Re:My 1st Thoughts (4, Insightful)

Anonymous Coward | more than 9 years ago | (#12221591)

"Oh crap, is this the first chink in the armor, ISP's can disconnect people based on their traffic... Virus, Trojan, P2P, Torrent"

Yeah, that's a valid concern. I think what we are talking about here is the difference between being pragmatic and idealistic.

Idealistically, the ISP would never look at your traffic, and just deliver the pipe. Practically, zombies are degrading the service of other customers significantly, and the ISP is going to know what the problem is.

It's not a perfect Internet yet, we all know that, so I think it's pretty reasonable that certain measures are taken in cases like this.

Just remember to scream really loud when there is an incident of an ISP disconnecting you for something that is perfectly legal.

(PS. It's good to see that the use of Torrents appears to have a high legal/questionable content ratio, whereas the last time I looked at P2P, it was really hard to argue that it wasn't used mainly for illegally copying stuff)

Why is this news!?! (4, Informative)

pctainto (325762) | more than 9 years ago | (#12221339)

ISPs around the world have been doing this for a while now! I live in a house with 12 people and one person had a hijacked computer sending out mail and Adelphia cut us off. Although they never told us that they did (a quick call to customer support hooked us back up).

Seriously, why is this news?

Re:Why is this news!?! (2, Insightful)

MysteriousPreacher (702266) | more than 9 years ago | (#12221394)

It's Australia's biggest ISP according to the posting.

Re:Why is this news!?! (4, Informative)

Yrd (253300) | more than 9 years ago | (#12221401)

And? NTL are one of the biggest ISPs in the UK and they do the same thing.

Re:Why is this news!?! (0)

Anonymous Coward | more than 9 years ago | (#12221430)

Just because businesses in your country have oppressive policies that they inflict upon their customers doesn't mean all countries are like that.

That Austrialian businesses are censoring content rather than just providing customers with the bandwidth they purchased is news.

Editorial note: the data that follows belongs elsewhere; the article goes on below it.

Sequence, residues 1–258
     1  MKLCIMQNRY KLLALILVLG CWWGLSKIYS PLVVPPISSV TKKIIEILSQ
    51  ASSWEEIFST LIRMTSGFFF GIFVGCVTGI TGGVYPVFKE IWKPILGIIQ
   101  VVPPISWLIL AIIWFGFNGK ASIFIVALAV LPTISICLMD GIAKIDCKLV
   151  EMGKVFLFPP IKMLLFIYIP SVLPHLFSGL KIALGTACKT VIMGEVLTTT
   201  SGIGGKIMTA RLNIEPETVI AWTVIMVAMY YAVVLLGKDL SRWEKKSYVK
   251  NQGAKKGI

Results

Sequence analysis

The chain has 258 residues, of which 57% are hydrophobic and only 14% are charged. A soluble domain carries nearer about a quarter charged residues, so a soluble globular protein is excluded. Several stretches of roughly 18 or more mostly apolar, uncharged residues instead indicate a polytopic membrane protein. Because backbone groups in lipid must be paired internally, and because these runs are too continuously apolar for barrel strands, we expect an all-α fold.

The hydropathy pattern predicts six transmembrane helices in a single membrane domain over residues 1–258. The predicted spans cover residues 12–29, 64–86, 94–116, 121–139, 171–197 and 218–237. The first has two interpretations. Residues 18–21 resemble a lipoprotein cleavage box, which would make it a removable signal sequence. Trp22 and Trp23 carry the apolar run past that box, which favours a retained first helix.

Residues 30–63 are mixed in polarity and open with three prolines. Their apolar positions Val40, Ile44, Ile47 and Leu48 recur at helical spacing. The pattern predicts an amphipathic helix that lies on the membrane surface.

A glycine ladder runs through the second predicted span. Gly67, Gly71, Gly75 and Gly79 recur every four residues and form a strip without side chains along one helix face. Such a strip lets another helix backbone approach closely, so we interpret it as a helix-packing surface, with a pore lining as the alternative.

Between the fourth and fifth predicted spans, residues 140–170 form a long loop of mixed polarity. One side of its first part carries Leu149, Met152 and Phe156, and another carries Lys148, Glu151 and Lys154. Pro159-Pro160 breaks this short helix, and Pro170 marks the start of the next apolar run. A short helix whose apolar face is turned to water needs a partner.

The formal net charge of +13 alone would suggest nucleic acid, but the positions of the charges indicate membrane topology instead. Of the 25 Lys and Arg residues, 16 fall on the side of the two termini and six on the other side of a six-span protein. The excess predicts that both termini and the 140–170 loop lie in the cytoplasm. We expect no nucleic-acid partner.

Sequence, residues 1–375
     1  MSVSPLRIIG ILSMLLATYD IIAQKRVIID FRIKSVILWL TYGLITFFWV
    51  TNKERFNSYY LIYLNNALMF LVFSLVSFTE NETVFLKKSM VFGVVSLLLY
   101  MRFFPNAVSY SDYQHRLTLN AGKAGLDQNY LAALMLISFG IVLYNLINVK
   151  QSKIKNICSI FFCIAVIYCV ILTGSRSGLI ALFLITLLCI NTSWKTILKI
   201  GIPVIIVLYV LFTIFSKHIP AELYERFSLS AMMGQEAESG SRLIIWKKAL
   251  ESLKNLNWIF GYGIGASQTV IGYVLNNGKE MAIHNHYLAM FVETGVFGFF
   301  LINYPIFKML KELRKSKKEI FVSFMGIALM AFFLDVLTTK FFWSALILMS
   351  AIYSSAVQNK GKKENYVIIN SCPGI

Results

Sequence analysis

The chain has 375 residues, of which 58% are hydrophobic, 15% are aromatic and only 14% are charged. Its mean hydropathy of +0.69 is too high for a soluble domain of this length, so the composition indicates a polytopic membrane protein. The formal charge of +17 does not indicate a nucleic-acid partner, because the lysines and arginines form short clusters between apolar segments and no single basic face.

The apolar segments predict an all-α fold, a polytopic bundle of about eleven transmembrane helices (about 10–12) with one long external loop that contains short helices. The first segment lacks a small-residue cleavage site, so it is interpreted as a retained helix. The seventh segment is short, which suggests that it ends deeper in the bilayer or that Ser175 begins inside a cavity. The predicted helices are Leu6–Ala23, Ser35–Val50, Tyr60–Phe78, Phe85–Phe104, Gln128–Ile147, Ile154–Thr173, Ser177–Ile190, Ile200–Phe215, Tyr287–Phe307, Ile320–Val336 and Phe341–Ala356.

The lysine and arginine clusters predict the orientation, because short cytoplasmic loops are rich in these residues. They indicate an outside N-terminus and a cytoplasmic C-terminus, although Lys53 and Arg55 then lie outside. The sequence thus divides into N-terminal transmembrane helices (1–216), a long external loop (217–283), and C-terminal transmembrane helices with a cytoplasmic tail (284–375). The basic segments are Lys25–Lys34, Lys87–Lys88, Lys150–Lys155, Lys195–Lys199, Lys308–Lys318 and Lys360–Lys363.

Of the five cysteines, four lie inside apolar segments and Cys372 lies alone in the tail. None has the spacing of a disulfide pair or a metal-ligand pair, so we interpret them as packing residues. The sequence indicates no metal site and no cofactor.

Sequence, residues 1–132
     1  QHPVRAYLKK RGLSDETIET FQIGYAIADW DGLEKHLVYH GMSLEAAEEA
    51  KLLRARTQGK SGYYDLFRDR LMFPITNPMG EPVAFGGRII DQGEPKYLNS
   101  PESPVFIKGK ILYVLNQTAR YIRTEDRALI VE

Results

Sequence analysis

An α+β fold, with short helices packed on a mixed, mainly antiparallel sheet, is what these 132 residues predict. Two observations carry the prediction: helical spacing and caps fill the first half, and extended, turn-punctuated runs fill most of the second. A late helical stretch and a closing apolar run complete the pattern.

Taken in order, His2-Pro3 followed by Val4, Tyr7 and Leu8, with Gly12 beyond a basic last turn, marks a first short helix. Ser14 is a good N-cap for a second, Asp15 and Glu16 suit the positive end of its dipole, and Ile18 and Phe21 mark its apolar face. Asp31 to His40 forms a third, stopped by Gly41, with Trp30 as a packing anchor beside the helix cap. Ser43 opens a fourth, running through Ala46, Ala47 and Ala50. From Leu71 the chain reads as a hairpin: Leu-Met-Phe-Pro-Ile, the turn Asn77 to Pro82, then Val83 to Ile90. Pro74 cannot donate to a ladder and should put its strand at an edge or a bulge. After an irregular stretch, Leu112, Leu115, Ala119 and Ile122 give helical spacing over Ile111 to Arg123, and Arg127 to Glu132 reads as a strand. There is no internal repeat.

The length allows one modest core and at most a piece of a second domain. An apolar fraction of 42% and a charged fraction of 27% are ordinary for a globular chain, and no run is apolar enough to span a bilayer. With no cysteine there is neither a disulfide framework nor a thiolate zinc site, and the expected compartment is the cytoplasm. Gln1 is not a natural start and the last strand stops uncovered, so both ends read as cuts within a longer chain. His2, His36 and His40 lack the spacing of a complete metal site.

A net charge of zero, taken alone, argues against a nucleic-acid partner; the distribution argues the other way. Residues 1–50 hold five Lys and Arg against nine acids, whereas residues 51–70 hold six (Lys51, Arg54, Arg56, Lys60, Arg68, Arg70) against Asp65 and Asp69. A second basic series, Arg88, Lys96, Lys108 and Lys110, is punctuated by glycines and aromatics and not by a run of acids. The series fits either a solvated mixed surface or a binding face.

Re:Why is this news!?! (-1)

Anonymous Coward | more than 9 years ago | (#12221464)

You are not a very good troll.

Re:Why is this news!?! (-1, Offtopic)

MysteriousPreacher (702266) | more than 9 years ago | (#12221509)

The French overthrew their monarchy some years back. Does this mean it would not be news if the Queen were to chased out of the the UK by an angry mob?

Re:Why is this news!?! (3, Funny)

SQL Error (16383) | more than 9 years ago | (#12221642)

The French overthrew their monarchy some years back.

Yeah, in 1792, but in a typically French fashion, they had to do it again in 1814, then in 1815, once more in 1830, and yet again in 1848 and then several times during the 1870's.

Then they tried to bring it back in 1946, but no-one could agree on who got to be King, so they ended up with President de Gaulle...

Re:Why is this news!?! (2, Informative)

TheScream (147369) | more than 9 years ago | (#12221403)

pctainto wrote:
Seriously, why is this news?
Because it is surprising that BigPond is doing anything proactive in the customer support area given its horrible customer service track record [whirlpool.net.au] . Although, I guess their goal is to save money, not help its customers.

Re:Why is this news!?! (2, Interesting)

GafferFish (852750) | more than 9 years ago | (#12221438)

Save money? I figure they'll be loosing revenue based on excess data traffic charges generated by extra traffic caused by the trojans. Note to Non-Aussies: BigPond counts both uploads and downloads for data traffic with excess usage charged at A$0.15/mb. There have been cases of people being hit with very large internet bills for one month (IIRC the largest was in excess of $10,000)

Re:Why is this news!?! (-1, Troll)

NoMercy (105420) | more than 9 years ago | (#12221481)

Slashdot, news for nerds, stuff which matters.
News for morons, stuff which no one gives a damn about.

Re:Why is this news!?! (1, Funny)

slittle (4150) | more than 9 years ago | (#12221562)

Seriously, why is this news?
It's the next step:

1) Patent: {thing}
2) Patent: {thing} on teh intarwebs!
3) Patent: {thing} in Australia!!

Re:Why is this news!?! (1, Informative)

Anonymous Coward | more than 9 years ago | (#12221638)

This is news because when I used to use BIGPOND they would charge you 20 cents per megabyte when you went over a set limit.

There cutting into there profit margins with this one !!!!

This is a good thing (5, Insightful)